Tuesday 16 January 2018

Oscar-winner Tilda praises critic as curtains close on film festival

Tilda Swinton at the Jameson Dublin International Film Festival Closing Gala film 'I Am Love' at the Savoy Cinema in Dublin yesterday.
Tilda Swinton at the Jameson Dublin International Film Festival Closing Gala film 'I Am Love' at the Savoy Cinema in Dublin yesterday.

Jason O'Brien and Louise Hogan

OSCAR-winning actress Tilda Swinton has spoken of her sadness at the death of film critic Michael Dwyer as her new movie brought the Dublin International Film Festival, of which he was a co-founder, to a close last night.

And she said that the quality of films on show over the past 10 days was a testament to the event's improved standing on the international film circuit.

"My contact with the Dublin International Film Festival -- as for a lot of people who don't live in Ireland -- was Michael Dwyer," the Scottish actress told the Irish Independent.

"It's very sad for me to be here and him not to be. I used to meet him all over the world, and he used to bring the Dublin International Film Festival with him and very much represent it as a truly international film festival."

Mr Dwyer died in January at the age of 58 following a six-month illness.

"I think it's the kind of festival that is interested in being elastic and wide, and that must mean a good one," said Swinton.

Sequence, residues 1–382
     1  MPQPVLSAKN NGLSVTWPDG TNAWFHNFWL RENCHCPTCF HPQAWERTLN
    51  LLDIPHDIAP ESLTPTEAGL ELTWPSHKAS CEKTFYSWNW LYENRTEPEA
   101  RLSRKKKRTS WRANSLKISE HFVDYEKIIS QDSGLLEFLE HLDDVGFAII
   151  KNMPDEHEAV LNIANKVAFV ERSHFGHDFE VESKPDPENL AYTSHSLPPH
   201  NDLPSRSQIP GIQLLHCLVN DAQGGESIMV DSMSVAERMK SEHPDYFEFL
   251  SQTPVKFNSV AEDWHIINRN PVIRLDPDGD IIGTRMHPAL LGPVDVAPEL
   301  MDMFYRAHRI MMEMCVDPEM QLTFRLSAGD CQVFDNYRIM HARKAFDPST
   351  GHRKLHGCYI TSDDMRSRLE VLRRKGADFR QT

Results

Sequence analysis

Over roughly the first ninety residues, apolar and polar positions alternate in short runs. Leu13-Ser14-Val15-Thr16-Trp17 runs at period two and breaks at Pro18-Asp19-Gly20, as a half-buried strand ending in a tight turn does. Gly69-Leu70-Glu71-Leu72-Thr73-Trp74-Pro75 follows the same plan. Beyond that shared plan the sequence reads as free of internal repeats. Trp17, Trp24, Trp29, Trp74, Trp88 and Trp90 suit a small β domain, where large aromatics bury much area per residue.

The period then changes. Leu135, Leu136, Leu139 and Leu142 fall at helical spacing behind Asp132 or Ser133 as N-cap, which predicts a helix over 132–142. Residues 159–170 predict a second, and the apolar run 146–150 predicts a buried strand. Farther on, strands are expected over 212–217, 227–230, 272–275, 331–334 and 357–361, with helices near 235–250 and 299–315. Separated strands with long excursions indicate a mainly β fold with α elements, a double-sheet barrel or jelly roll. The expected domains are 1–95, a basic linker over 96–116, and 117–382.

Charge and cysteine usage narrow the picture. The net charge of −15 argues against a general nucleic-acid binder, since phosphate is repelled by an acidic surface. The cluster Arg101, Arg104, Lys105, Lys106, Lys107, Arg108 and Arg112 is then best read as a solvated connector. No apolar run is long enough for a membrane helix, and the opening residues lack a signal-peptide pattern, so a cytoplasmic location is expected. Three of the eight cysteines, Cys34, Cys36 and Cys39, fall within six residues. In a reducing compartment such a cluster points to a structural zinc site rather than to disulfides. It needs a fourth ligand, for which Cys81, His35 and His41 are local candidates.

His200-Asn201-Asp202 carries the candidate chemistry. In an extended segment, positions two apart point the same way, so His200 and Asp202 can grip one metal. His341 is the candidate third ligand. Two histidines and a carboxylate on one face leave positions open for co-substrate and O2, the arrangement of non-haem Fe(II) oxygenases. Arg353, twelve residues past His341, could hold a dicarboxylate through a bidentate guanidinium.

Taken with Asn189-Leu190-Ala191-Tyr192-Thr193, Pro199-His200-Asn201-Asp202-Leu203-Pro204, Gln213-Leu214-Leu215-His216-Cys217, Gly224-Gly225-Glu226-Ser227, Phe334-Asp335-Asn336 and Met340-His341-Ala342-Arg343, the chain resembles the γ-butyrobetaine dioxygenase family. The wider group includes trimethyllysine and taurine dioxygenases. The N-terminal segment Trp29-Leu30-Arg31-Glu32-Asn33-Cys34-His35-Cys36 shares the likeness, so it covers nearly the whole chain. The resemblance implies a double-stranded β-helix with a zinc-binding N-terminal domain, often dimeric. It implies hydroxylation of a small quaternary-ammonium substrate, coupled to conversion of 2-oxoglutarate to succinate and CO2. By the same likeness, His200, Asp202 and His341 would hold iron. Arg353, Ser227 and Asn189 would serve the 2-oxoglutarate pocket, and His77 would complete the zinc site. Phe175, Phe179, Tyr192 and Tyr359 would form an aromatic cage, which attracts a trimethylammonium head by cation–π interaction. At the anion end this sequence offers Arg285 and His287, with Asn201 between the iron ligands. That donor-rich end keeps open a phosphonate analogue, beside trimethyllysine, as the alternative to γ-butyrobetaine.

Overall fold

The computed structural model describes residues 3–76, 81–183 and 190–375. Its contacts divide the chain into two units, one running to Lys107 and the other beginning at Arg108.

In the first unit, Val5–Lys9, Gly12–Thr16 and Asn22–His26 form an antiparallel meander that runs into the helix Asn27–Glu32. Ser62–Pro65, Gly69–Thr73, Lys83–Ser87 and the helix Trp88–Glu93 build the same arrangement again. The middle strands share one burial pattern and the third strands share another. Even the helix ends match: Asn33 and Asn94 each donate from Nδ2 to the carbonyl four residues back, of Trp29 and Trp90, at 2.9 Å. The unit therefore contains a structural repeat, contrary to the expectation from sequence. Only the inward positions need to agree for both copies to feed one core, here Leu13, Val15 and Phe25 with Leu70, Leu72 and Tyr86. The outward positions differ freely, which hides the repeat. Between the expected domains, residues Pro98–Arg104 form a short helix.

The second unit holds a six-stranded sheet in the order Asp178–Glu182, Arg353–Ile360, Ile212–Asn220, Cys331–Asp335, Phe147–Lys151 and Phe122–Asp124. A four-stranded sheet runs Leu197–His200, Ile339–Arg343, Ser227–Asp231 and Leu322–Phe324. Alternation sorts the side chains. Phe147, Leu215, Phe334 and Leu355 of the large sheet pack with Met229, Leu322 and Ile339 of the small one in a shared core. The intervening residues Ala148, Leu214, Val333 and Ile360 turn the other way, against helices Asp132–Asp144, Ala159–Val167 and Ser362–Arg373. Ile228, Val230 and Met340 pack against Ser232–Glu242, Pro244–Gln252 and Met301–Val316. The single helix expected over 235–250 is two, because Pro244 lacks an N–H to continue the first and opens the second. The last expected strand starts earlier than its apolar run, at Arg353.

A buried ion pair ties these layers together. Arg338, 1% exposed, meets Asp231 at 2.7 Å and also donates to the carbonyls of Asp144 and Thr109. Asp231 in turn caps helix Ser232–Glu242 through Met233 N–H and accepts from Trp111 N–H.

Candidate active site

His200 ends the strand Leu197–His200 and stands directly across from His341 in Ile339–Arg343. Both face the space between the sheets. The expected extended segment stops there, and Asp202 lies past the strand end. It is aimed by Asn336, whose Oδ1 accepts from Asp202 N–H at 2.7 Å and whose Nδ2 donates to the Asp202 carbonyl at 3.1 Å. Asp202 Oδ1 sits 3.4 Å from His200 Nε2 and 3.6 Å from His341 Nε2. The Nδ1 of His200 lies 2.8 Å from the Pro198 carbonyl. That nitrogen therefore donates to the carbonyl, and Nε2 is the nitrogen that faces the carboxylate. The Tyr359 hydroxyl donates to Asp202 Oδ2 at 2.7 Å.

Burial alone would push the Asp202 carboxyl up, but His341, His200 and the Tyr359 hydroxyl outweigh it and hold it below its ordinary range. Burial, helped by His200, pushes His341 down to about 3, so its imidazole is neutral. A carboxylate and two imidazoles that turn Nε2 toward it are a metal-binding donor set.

"I hope the audience here will be inspired and go out into the year saying, 'Maybe I'll go to see that foreign film', even though they haven't heard of it.

"That's what festivals do -- they give the audience courage to take risks and see things that they wouldn't ordinarily see."

Swinton was at the Savoy cinema last night to see 'I Am Love', the Italian drama in which she stars. The straight-talking redhead said that she didn't have much difficulty working in Italian. "Well, every time I make a film in America I'm making a film in a different language," she laughed, before shrugging off her Oscar win for 'Michael Clayton'.

"It's like a brand on the back of my neck; fortunately, I don't have to look at it," she said.


While Swinton said she was only on a flying visit to Dublin, another big name claimed that he was "very badly behaved" while enjoying Dublin's nightlife.

Timothy Spall, who has just finished filming the final film in the lucrative 'Harry Potter' franchise, rolled into town over the weekend along with Welsh actor Michael Sheen (41) to attend the premiere of Tim Burton's 'Alice in Wonderland 3D' also at the Savoy.

"What is nice about this is it is very relaxed, and the people who are looking after us are great. It is Ireland, it is always fun to be here," Spall said.

Sheen, who played Tony Blair in 'The Queen' and the White Rabbit in 'Alice and Wonderland', quipped that he might have liked to star as The Cheshire Cat in the adaptation of Lewis Carroll's classic children's tale.

Irish Independent

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